We all know that unless you try, (make the sales call, make the request, push yourself) you’ll never know if you could have succeeded. This week Michael Neill elaborates on this point using the Clinton campaign as an example. See the power of moving past your inner gatekeeper.
I belong to a networking group, WBN, that meets once a month. Long standing member, Linda Tatten of Travel by Tatten, exemplifies the skill of making yourself memorable. She always starts her 15 second introduction with, ” Imagine…” and then shares a beautiful image from a trip she is planning. It’s perfect! This week, Loren Ekroth shares 5 ways to stand out and be remembered.
My process for choosing this week’s Tip? I loved the title and just had to read on! I hope you feel the same way! Art Sobczak describes what to do in a sales situation when your prospect asks you a question you don’t have a ready answer to. Instead of making something up on the spot, you need to determine whether the question is important to the prospect by asking “check questions”. Read on to find examples you can use in your sales process so you won’t be caught off guard.
Whatever your business title is, being present to people (employees, managers, clients, prospects, vendors) can have a significant positive impact. In this week’s Tip, the image Steve Straus creates with the example of a waiter clearly illustrates the power of this simple tool.
Today’s Coaching Tip is applicable to business owners and the people they manage. If you want a stronger organization, have your managers fight for their ideas. It makes them stronger, more thoughtful and more valuable. If you are a manager pitching your boss, know that “no” is part of your test for growth. Sheds a whole new light on the situation.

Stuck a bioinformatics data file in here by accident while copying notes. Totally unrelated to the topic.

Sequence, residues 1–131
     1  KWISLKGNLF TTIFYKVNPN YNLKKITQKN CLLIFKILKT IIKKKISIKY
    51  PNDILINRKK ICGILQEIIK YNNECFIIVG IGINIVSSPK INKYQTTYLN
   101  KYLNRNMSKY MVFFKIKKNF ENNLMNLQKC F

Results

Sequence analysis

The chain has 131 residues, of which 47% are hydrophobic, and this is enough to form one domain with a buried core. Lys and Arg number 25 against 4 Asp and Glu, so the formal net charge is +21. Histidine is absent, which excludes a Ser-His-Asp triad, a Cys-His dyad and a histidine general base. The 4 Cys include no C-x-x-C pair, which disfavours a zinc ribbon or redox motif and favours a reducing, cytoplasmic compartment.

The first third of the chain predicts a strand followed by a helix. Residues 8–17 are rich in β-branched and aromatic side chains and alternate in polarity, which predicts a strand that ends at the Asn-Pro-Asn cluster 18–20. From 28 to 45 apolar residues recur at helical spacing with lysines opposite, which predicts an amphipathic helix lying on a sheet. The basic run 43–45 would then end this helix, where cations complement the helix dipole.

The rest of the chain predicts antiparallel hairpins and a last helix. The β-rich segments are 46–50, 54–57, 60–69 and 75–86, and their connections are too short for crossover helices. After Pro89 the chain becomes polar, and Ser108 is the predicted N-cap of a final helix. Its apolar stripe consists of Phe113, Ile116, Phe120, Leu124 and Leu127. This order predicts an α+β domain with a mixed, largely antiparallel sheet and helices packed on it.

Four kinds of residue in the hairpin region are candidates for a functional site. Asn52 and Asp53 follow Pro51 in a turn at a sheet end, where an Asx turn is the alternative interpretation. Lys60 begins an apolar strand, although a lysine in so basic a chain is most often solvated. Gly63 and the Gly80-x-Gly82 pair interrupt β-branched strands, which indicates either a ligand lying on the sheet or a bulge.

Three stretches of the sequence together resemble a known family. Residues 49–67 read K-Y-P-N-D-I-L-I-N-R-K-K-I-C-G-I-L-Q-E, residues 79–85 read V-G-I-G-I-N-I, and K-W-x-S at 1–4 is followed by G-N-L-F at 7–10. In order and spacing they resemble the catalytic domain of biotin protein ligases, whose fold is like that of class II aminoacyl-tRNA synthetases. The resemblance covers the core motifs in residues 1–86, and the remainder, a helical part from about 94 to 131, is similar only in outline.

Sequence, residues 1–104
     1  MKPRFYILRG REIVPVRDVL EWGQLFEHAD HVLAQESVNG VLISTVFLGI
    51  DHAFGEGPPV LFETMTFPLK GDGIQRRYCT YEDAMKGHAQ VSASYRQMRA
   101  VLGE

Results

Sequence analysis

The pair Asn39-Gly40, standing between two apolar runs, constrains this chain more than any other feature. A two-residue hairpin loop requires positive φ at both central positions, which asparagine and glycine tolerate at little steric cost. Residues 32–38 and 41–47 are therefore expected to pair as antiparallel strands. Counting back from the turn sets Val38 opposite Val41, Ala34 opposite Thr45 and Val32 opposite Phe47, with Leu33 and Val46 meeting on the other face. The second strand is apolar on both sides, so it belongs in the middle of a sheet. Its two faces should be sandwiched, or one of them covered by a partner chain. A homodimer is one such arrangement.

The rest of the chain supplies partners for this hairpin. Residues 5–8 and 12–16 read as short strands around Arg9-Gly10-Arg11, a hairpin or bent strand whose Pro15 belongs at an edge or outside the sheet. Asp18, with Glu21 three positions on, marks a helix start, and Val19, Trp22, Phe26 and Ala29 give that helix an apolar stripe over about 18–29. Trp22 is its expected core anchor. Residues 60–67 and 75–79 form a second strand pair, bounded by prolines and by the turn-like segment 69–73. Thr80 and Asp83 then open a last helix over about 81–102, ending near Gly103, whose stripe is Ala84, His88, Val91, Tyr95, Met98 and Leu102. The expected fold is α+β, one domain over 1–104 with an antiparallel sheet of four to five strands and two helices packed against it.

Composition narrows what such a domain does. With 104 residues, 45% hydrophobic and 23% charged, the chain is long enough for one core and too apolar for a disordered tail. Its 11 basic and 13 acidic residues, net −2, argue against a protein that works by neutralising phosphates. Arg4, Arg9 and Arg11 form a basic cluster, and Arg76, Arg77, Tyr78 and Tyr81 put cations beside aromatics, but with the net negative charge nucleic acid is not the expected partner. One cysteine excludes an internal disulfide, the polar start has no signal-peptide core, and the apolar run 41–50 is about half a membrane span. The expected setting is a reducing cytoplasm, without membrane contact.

What do you do to get back on track when you are feeling out of control and pulled in multiple directions? Today’s Tip by Simon Tyler provides a very simple question to ask yourself each day to put yourself back in the driver’s seat, “What do I want?”
When I first work with a prospect, I always ask them, “How do you define success for yourself at this stage of your life?”. Most people answer with criteria that tap into their values: balanced life, healthy, happy, wonderful relationship, time for friends, making a difference in the world. You see what I mean. Sometimes, these same people forget this when we finish our conversation. Today’s Tip by Chris Widener provides an opportunity for each of you to consider how you define and measure success for yourself.
This week’s Tip does not only apply to Small Business Owners. No matter what your level is in the working world, you could benefit by awareness to how these 7 flaws could be impacting you and the solutions to overcome them. I know I’ve suffered from each of these traits from time to time.
Are you the type of person who gives up too soon? In a conversation last week with Michael Katz, who consults on E-Newsletters for Professional Service Companies (www.BluePenguinDevelopment.com), he talked about “playing to the whistle” – not stopping until you have to. In this week’s Tip, David Cottrell provides the same message – keep moving – through a quick, inspirational story.
I always love driving and talking. It feels easier. The second item in Loren Ekroth’s article “Walking the Talk” explains why. Walking (or sitting) side-by-side has the effect of diffusing intensity. I find even when discussing a “loaded” topic, we have a calmer, more thoughtful conversation. To learn more about the positive effects of “side by side communication, read on.